A two-fold Japanese screen by Sakai Hōitsu (1761-1828). Japan 19th century, Edo period.
Color on silk.
Image – H. 13” x W. 51” (32 cm x 129 cm)
Screen – H. 18” x W. 56” (46 cm x 144 cm)
Price: USD 35000
This small Japanese folding screen painted by Sakai Hoitsu was originally designed as a pair of sliding doors for an alcove or tokonoma. The scene depicts an autumn vine weaving rhythmically through bellflowers (kikyo) and pampass grass (susuki). Kikyo and susuki are two of the celebrated seven grasses of autumn (aki no nanakusa) which were often mentioned in verses of the Manyoshu, the earliest collection of Japanese poetry and song. More than flowers of any other season, autumn grasses washed by rain and bent in the wind are thought to attain a beauty unsurpassed; many feel the same way regarding Hoitsu’s exquisite brushwork and graceful compositions.
A four-fold screen by Hoitsu utilising the almost identical composition is held in the collection of the Miho Museum, Shiga.
Born into the family of the feudal lords of Himeji castle, Sakai Hōitsu had a privileged and cultivated upbringing providing him the opportunity to study Noh drama, haiku poetry, tea-ceremony, music and painting. As was common during the Edo period, Hoitsu began his study of painting with the officially sanctioned Kano school, later receiving influence from and instruction in the contemporary Ukiyo-e, Maruyama-Shijo and Nagasaki styles. Taking tonsure as a monk in 1797 Hoitsu freed himself of his significant familial obligations and immersed himself in the study of the life and art of Ogata Korin (1658-1716). His attraction to Korin was inspired by the fact that a century earlier Hoitsu’s family had been among Korin’s chief patrons, and numerous masterpieces by Korin were preserved in their collection.
In 1815, 100 years after Korin’s death, Hoitsu published Korin Hyakuzu (One Hundred Paintings by Korin), woodblock print reproductions of paintings by the master. Besides honouring Korin in this way, he clearly traced the lineage of what would come to be known in a later age as the Rinpa (Rimpa) school. Hoitsu, while taking Korin’s works as his model, went on to create highly affecting works reflective of the refined tastes of his day.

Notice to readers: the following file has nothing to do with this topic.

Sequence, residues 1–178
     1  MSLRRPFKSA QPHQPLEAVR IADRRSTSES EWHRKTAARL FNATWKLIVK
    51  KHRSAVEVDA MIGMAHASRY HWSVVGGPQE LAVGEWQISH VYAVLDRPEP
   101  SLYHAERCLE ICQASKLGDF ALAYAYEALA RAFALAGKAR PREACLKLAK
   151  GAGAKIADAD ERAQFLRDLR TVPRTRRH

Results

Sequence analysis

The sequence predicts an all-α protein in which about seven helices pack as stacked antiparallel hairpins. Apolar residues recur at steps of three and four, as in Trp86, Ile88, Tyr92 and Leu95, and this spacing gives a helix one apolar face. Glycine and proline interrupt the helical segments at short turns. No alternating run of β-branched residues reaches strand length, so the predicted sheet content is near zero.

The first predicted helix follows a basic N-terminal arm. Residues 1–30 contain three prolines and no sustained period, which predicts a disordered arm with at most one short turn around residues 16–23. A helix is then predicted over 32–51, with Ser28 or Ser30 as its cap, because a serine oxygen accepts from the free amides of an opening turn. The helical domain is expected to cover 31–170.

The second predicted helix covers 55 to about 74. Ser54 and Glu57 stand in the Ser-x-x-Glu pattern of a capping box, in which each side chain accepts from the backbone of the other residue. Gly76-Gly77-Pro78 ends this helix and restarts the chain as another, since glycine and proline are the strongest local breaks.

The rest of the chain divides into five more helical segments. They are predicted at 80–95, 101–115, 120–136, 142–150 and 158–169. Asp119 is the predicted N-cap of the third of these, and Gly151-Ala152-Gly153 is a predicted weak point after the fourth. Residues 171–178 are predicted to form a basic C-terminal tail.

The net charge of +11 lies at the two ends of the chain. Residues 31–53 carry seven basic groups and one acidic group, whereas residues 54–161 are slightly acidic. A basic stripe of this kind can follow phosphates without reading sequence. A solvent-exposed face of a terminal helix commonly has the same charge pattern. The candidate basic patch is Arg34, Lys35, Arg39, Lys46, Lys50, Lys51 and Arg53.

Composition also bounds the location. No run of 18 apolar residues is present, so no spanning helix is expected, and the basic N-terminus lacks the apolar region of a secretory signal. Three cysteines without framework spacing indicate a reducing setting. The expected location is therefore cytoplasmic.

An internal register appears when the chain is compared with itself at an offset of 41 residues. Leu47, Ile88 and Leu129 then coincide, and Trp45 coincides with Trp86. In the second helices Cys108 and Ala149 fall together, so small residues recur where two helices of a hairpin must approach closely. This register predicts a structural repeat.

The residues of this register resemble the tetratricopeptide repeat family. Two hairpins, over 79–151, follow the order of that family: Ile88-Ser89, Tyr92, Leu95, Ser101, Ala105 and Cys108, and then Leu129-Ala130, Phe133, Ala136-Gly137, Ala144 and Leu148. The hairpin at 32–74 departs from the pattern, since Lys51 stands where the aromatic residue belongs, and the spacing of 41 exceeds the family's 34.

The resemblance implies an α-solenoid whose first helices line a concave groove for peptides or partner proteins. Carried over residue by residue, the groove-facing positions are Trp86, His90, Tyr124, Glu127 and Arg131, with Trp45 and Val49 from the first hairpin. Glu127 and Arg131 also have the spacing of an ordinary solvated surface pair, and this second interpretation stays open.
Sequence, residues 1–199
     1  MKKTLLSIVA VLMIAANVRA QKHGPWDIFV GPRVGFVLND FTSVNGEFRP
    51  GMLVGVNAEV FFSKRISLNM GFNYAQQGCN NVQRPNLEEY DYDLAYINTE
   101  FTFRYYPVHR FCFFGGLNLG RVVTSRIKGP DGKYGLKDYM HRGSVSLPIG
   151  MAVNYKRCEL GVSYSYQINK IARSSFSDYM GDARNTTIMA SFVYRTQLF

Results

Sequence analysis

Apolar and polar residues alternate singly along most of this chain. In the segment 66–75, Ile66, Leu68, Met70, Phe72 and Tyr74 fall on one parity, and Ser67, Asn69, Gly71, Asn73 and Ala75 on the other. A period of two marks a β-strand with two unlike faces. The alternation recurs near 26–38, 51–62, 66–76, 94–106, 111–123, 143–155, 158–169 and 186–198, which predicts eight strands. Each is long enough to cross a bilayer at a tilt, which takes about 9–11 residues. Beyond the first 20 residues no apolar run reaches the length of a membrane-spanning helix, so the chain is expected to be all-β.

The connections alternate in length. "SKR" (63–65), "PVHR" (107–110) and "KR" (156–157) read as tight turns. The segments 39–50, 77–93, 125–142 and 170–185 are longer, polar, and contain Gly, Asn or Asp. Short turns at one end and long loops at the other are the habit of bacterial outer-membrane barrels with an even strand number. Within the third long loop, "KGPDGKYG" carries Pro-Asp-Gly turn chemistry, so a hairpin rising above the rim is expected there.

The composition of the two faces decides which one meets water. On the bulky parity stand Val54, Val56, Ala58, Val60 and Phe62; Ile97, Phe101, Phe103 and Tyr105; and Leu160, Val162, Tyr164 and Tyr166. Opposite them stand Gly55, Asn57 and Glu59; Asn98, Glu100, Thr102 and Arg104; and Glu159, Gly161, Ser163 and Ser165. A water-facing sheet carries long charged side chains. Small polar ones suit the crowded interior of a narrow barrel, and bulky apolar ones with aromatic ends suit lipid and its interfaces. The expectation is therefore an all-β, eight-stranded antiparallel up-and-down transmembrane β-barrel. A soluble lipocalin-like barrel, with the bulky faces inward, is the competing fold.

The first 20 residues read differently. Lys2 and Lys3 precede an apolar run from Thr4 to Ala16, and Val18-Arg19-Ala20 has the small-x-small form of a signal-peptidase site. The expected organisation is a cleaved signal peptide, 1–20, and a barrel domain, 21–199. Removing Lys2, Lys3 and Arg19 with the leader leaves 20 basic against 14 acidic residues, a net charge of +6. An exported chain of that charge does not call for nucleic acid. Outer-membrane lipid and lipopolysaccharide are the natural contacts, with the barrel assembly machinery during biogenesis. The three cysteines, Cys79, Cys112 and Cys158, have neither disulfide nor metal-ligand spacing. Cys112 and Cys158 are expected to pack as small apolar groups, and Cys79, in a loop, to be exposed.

In recent times the Rinpa (Rimpa) school, which Hoitsu played a pivotal role in developing, has become Japan’s most admired and celebrated school of art.
In 1972 an exhibition entitled ‘Rinpa’ was held to celebrate the 100th anniversary of the Tokyo National Museum.
Commenting on that exhibition the noted scholar James Cahill states “The world of Rinpa is not far from our everyday life. It simply transforms the everydayness into a thoroughly beautiful image. Of all the arts in the world, if one were to cite a decorative style that transcends the ‘simply decorative’ limit, it would be Rinpa. The delicacy, boldness, and impressiveness of Rinpa is a perfect match for works of religious or humanistic content demonstrating highly refined artistry.”
In 2008 the Tokyo National Museum held an exhibition titled ‘Treasures by Rinpa Masters – Inheritance and Innovation’ in which many works by Hoitsu were featured.
In 2011 to celebrate the 250th anniversary of Hoitsu’s birth a broad and scholarly exhibition titled ‘Sakai Hoitsu and Edo Rinpa’ was held at the Himeji City Museum of Art and the Chiba City Museum of Art.
In 2012 the Japan Society held the exhibition ‘Silver Wind: the Arts of Sakai Hoitsu’ in New York. The exhibited works were sourced predominantly from American collections.
In 2015 the Kyoto National Museum held the blockbuster exhibition ‘Rinpa – The Aesthetics of the Capital’. Works by Hoitsu formed a significant part of the exhibition.
Works by the artist can be found in the collections of: Asia Society, New York; Cleveland Museum of Art, Ohio; Etsuko and Joe Price Collection, USA; Feinberg Collection, USA; Gitter-Yellen Collection, USA; Hosomi Museum, Kyoto; Idemitsu Museum of Arts, Tokyo; Indianapolis Museum of Art, Indiana; Kyoto National Museum; Los Angeles County Museum of Art, California; Metropolitan Museum of Art, New York; Minneapolis Institute of Art, Minnesota; Mitsui Memorial Museum, Tokyo; MOA Museum of Art, Shizuoka; Museum of Fine Arts, Boston; Museum of Imperial Collections, Sannomaru Shozokan; Museum Yamato Bunkakan, Nara; National Gallery of Victoria, Australia; Nelson-Atkins Museum of Art, Missouri; New Orleans Museum of Art, Louisiana; Philadelphia Museum of Art, Pennsylvania; Seikado Bunko Art Museum, Tokyo; Smithsonian Museum of Art, Washington D.C.; Tokyo National Museum; Victoria and Albert Museum of Art, London; Worcester Art Museum, Massachusetts; Yamatane Museum of Art, Tokyo.